Saturday, May 14, 2011

Freda Brierley -Machine Embroidery

On The Edge   48x38cm
This image is the work of textile artist Freda Brierley whose work I saw in an exhibition with Aillie Snow at NorthArt Gallery on the North Shore in 2002. I found her art a  wonderful inspiration of subtle and somewhat dark images, and recognized it as a possible medium I might one day want to explore. I have played around with sewing images onto stiffened organza with reasonable success in the past.

The need for me to experiment further with machine and hand embroidery has now arisen again because of illness. As my hands have limited movement at the moment I am being very selective about how I spend my time on the loom, and machine embroidery gives me the opportunity to make pictorial works off-loom.

I have an exhibition of these new works as well as a retrospective selection of older drawings and tapestry weavings that will be on show at the Franklin Steel Gallery, in the small Community Gallery space. You are invited to join me for morning tea on Saturday 11th June, 10.30am, where I will be discussing the work on display, share where I glean my inspiration for my art, and talk about the technical side of producing my images.

Five small framed works measure approx. 6x6cm
I bought these five small framed Freda Brierley works which I selected from about 30, possibly more (if my memory serves me well) which she was selling at the time her exhibition was running. I am so very pleased that I bit the bullet and did.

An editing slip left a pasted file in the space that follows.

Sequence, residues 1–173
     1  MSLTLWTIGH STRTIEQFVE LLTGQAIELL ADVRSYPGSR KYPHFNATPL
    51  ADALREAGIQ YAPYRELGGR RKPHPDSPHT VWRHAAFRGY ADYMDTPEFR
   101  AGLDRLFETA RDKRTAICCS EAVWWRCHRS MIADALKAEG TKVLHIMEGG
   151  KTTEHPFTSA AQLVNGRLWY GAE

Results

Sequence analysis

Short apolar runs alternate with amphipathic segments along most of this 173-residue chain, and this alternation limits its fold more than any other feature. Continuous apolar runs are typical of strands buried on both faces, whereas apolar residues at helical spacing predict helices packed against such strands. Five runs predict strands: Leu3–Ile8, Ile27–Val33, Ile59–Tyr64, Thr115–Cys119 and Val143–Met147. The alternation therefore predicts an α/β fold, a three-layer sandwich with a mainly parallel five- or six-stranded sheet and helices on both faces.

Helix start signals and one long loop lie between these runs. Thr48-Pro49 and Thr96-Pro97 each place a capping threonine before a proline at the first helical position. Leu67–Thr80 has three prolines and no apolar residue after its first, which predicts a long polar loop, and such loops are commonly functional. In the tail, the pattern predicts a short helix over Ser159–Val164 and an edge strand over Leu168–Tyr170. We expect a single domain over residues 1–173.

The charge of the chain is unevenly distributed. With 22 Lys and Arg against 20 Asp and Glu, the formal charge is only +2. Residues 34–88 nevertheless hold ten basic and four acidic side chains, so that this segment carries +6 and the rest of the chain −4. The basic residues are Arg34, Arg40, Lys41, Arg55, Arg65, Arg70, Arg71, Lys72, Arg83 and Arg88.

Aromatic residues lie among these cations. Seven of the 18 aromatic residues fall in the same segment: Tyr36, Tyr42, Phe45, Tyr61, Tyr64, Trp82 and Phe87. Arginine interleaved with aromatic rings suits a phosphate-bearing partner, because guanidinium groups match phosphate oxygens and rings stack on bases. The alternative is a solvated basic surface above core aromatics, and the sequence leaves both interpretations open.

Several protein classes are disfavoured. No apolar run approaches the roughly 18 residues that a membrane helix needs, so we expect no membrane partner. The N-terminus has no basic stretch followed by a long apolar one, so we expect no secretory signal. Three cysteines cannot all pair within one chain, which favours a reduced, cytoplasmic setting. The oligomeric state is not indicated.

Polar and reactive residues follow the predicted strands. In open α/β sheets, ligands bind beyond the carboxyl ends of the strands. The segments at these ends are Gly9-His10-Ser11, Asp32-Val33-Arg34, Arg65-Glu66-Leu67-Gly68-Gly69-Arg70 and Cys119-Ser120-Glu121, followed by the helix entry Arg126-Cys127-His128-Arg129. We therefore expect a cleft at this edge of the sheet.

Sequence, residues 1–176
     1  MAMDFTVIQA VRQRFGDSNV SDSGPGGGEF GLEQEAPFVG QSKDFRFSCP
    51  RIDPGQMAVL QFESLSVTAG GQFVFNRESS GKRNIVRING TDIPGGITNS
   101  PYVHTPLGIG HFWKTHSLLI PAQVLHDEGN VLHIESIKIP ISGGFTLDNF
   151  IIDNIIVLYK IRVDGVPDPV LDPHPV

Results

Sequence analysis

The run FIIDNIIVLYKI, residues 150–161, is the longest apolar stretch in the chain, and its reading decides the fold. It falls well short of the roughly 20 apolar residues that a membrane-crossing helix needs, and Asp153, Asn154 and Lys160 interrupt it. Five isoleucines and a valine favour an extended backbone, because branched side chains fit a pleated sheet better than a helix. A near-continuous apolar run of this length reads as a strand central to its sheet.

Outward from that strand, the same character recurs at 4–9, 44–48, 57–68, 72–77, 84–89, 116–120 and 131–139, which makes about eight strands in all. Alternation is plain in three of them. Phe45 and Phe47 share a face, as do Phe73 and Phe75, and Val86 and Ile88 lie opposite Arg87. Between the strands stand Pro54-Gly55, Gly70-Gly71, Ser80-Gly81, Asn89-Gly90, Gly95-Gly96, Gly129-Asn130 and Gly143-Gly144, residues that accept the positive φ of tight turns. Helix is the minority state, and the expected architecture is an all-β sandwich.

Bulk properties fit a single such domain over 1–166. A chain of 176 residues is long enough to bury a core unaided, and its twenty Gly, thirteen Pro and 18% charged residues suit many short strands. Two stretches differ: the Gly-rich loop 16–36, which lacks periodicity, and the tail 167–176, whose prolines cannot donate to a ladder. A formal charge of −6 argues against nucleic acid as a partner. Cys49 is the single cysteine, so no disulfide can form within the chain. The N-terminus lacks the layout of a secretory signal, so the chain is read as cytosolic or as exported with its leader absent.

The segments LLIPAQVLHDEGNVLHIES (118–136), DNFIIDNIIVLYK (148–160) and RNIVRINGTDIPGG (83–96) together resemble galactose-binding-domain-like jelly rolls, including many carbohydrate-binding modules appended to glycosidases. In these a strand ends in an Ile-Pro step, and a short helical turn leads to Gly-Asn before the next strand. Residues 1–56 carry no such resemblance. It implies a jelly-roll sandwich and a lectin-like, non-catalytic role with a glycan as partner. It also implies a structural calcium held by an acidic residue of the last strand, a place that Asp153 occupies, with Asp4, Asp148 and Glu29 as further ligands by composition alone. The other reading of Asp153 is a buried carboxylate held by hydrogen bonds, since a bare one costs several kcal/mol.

Often it is these smaller more affordable works that give you a very real and tangible connection with the artist. Although these are usually not as complicated or meaningful as larger pieces, they are still enticing and charming to have if you are a collector of fbre art, and purchasing these always helps the artist re-coup some of the expense involved in putting on an exhibition. It is this mutual benefit of inter-play between the artist and the viewer that really makes an exhibition successful and enduring, long after the exhibits have left the gallery.  

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Tapestry Weavings By Stephenie Collin


I hope you find Warped Art & Design both interesting and inspiring, and that it will encourage anyone working with fibre to investigate and experiment further within their chosen field.

The basic loom, which is my tool of trade, has remained technologically unchanged. This aspect appeals to me as I weave contemporary images on a machine of such simple and ancient construction.

And if the loom be silenced,
then needles, threads and fingers
have plenty more to say.

About Me

My photo
Waiuku, Auckland, New Zealand
I am an artist, weaver, gardener, mother and grandmother, home food gatherer, political sceptic, modest future eater, and much much more.